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Bayview's butterflies

The beauty of Bayview sometimes has wings
The beauty of Bayview sometimes has wings
Jeffrey Betcher

On a recent afternoon in the Bridgeview Garden, Mary McClure pointed out a butterfly that I couldn’t recall having seen before. Even at the Bridgeview Garden, which for me is one of Bayview’s most beautiful places, this butterfly stood out as quite the charmer. I was compelled to take its picture.

Later that day, a bit of online research turned up information about the gulf fritillary which likes Passion Flower leaves. Voila! The creature I photographed was not more than 5 feet from the rambunctious Passion Flower plant vining up the garden fence.

Still, I’m no expert at identifying insects, and thought I should check with someone who is. Peter Brastow, Senior Biodiversity Coordinator for Department of the Environment, responded to my questions about Bayview butterflies immediately.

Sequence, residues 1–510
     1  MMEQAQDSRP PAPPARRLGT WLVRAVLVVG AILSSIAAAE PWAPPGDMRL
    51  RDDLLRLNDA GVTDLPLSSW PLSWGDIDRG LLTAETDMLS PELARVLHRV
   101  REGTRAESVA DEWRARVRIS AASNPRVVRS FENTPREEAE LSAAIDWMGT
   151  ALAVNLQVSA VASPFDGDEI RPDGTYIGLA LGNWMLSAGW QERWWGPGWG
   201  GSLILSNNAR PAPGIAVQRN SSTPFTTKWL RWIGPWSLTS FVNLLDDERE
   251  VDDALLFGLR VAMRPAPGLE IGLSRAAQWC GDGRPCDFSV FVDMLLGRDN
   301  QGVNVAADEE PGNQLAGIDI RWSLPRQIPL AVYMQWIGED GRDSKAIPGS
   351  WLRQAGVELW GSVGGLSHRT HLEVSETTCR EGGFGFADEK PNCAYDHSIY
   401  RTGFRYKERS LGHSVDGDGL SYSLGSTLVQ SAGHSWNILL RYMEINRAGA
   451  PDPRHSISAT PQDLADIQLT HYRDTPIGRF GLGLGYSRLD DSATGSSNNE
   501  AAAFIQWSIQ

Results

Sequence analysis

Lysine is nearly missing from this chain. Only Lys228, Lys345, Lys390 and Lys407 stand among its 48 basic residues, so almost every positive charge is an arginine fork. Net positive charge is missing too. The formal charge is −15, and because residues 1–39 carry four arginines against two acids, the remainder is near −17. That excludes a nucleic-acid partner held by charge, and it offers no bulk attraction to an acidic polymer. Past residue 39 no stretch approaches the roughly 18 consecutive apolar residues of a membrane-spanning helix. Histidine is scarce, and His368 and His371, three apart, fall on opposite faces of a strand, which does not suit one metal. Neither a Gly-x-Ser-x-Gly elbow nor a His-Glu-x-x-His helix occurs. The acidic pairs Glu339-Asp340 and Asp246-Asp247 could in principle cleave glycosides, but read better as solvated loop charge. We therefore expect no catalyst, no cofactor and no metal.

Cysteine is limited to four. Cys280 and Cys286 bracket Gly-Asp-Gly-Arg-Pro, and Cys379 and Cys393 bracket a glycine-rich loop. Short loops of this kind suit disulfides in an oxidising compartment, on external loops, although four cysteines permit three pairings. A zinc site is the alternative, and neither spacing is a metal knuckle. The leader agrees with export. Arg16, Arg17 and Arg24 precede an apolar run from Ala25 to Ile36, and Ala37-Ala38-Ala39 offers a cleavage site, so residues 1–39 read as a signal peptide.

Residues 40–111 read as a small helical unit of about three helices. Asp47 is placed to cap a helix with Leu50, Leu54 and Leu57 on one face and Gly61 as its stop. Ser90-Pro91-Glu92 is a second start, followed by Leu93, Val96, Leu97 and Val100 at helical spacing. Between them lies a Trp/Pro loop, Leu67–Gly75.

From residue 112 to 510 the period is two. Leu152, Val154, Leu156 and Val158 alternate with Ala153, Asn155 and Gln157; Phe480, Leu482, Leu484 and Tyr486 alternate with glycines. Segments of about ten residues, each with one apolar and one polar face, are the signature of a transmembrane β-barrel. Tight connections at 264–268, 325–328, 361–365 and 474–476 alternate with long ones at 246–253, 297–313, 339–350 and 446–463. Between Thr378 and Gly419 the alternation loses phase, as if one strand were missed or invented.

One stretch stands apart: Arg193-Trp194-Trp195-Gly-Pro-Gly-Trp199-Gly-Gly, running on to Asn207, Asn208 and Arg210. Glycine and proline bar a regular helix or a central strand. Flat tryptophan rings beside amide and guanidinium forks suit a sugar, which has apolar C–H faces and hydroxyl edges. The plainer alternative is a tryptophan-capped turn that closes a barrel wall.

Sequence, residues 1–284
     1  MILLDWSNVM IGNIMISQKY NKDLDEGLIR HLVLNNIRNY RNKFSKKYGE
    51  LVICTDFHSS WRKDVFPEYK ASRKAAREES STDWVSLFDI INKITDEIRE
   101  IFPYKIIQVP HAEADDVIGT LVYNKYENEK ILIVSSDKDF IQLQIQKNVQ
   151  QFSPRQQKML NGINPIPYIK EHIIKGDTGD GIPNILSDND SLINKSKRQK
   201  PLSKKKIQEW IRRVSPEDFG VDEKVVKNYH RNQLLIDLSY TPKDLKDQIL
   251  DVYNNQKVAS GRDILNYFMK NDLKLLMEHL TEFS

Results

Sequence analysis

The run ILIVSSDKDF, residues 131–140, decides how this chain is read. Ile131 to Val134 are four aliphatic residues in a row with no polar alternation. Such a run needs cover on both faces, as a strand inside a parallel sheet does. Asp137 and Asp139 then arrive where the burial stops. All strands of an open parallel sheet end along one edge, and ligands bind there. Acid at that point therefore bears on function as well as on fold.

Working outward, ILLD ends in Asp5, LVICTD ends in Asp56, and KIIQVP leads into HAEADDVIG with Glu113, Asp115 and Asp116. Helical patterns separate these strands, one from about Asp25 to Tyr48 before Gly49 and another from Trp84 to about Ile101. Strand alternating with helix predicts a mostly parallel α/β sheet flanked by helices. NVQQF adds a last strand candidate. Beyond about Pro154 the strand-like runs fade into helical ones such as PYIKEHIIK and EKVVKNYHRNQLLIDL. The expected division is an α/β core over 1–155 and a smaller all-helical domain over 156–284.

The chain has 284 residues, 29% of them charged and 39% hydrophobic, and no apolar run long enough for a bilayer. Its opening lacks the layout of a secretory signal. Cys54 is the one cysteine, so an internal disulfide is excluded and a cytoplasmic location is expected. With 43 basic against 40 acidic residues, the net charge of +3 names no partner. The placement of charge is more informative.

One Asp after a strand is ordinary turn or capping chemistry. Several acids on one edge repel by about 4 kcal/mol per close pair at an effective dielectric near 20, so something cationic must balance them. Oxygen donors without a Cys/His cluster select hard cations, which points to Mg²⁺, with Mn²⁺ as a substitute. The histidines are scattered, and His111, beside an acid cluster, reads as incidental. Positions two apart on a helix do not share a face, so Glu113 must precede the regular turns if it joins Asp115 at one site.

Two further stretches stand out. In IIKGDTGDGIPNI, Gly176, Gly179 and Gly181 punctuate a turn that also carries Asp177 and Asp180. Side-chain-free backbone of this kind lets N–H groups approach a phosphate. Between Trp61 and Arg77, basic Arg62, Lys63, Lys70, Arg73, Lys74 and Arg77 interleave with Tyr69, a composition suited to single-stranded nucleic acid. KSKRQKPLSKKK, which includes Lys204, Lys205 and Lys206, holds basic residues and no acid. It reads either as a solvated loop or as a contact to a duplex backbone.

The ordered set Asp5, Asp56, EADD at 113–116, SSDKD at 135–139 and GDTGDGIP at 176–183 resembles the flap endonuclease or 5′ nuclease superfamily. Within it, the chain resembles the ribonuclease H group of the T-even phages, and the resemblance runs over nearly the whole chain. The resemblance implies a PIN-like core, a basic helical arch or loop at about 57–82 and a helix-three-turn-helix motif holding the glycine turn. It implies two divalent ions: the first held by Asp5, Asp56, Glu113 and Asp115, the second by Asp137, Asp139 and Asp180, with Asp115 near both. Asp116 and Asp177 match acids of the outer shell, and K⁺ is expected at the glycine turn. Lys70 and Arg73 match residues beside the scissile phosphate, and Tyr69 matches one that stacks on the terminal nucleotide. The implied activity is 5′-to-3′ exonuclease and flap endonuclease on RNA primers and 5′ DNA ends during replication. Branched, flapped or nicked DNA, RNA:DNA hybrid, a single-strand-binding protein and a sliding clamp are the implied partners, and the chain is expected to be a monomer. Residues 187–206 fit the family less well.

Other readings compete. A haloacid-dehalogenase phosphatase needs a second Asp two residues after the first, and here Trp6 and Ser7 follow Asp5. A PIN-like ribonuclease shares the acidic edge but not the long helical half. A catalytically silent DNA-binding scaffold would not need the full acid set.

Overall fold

“You are correct about the passion flower vine and the gulf fritillary which is actually, interestingly, our only non-native butterfly,” he wrote in an email.

“Regarding butterflies specifically in Bayview,” he went on, “the Sandhill Skipper flies in the salt marshes since its host plant is salt grass, and the western pygmy blue flies there as well since its host plant is pickleweed.”

Though my mystery was solved, I was happy to hear from another local luminary in the world of butterfly experts, Liam O’Brien.

“How fortuitous!” Liam began. “I walked Yosemite Slough TODAY diligently dedicated to learning my birds and, boom! A female Brephidium exile: the Western Pygmy Blue. Our only Lycaenid (blues, coppers & hairstreaks) that overwinters (if you can call what we are experiencing “winter”?…) as the adult before you. A real find and quite Germaine to this conversation.”

Beauty, it seems, comes naturally to Bayview, and often in small sizes and unexpected places.

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